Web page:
According to Nicolas Krafft, AI can be leveraged to enhance the sales and marketing sector, too.
One prominent branch of AI is Natural Language Processing (NLP). This science studies the interactions between computers and human language, whereby computers learn how to interpret and process large amounts of natural language data. For example, it can help with processing feedback that users provide on products, whether on the company website or on social media. This means that consumer reviews’ processing and consolidation would be done much faster, making it that much easier to adjust products/devices, recommendations, tutorials, etc. The impact here would be tremendous as the timeline from user review to product improvement would be significantly shorter. In other words, AI can speed up product improvement to satisfy the end-user even further.
Overall, Krafft thinks that AI’s overall impact can be immensely positive but that its success relies on implementation. The application of AI and NLP makes sense as long as the salon and shopping experience is enhanced for the consumer, and the feedback/implementation loop is shortened for the producers. A seamless rollout of this technology and these advancements is crucial for their success.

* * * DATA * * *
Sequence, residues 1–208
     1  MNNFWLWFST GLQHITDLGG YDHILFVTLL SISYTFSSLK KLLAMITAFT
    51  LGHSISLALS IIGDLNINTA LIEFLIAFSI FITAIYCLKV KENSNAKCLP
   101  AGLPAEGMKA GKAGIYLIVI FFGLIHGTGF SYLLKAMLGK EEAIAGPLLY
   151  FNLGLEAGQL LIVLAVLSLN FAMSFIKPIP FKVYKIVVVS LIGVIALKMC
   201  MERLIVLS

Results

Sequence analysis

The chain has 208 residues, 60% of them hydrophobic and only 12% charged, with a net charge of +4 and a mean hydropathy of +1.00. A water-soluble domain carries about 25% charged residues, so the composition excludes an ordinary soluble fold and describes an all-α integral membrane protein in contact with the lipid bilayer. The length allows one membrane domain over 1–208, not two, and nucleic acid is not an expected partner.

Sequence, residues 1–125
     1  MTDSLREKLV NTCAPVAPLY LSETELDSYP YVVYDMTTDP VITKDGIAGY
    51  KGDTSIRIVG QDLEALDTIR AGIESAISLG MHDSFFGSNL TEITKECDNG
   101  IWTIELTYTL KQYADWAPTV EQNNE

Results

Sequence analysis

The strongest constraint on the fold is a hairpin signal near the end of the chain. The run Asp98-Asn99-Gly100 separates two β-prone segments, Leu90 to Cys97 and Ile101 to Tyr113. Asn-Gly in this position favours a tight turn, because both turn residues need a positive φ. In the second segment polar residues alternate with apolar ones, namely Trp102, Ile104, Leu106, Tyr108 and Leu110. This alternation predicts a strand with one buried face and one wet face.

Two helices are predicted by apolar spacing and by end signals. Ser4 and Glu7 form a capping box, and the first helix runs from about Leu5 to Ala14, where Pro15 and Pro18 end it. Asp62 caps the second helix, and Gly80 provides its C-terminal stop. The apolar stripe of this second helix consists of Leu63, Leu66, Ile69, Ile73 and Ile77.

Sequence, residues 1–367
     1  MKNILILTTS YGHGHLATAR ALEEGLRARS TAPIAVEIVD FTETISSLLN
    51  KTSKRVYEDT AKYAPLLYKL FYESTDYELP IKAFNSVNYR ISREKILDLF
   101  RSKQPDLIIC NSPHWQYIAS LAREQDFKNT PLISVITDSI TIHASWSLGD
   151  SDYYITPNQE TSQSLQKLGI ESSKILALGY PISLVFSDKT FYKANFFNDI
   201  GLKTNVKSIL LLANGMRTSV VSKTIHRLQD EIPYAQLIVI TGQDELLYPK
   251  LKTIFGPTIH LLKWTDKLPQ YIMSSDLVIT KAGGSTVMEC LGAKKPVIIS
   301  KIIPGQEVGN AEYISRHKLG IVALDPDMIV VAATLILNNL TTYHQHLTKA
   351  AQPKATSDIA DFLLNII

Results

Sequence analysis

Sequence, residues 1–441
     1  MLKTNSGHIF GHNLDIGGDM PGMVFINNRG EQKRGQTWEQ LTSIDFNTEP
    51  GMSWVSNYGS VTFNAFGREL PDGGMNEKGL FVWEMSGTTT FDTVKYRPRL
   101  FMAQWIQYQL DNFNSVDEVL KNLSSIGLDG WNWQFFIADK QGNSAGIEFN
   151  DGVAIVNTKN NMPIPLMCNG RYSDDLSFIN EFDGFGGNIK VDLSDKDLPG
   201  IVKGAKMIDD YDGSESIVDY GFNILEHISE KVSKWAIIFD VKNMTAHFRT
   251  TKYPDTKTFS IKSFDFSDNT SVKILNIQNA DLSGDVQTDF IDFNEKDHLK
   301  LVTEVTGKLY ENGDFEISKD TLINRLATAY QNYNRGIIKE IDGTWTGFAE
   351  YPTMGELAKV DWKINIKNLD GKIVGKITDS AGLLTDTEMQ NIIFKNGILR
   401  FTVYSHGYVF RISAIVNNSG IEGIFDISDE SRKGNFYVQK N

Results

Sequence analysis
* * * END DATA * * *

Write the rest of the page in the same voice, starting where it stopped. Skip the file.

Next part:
However, he underscores that the technologies will by no means entirely replace the human aspect. Instead, Nicolas Krafft believes that the beauty industry will become better through an effective combination of AI and human service. And rather than replacing it altogether, these technologies can help improve the human aspect of the beauty industry. After all, beauty is subjective, and it ultimately all originates from the consumers’ choices, preferences, and tastes.
About Nicolas Krafft
The former L’Oreal executive has more than a decade of expertise in the cosmetics industry with L’Oreal and its various brands. Nicolas Krafft began his career as a product manager at L’Oreal Professional. He moved up through the ranks to become vice president of Global Business Development for L’Oreal USA. There he led the go-to-market strategy of one of the strategic brands of the professional division. Krafft also oversaw the transformation of its business model across Europe, the Middle East, Asia, and Latin America while based out of NYC. Krafft was heavily involved in launching new product lines, growing market share under challenging economic environments, and developing an international presence for L’Oreal-owned brands like Kérastase, Matrix, and Biolage.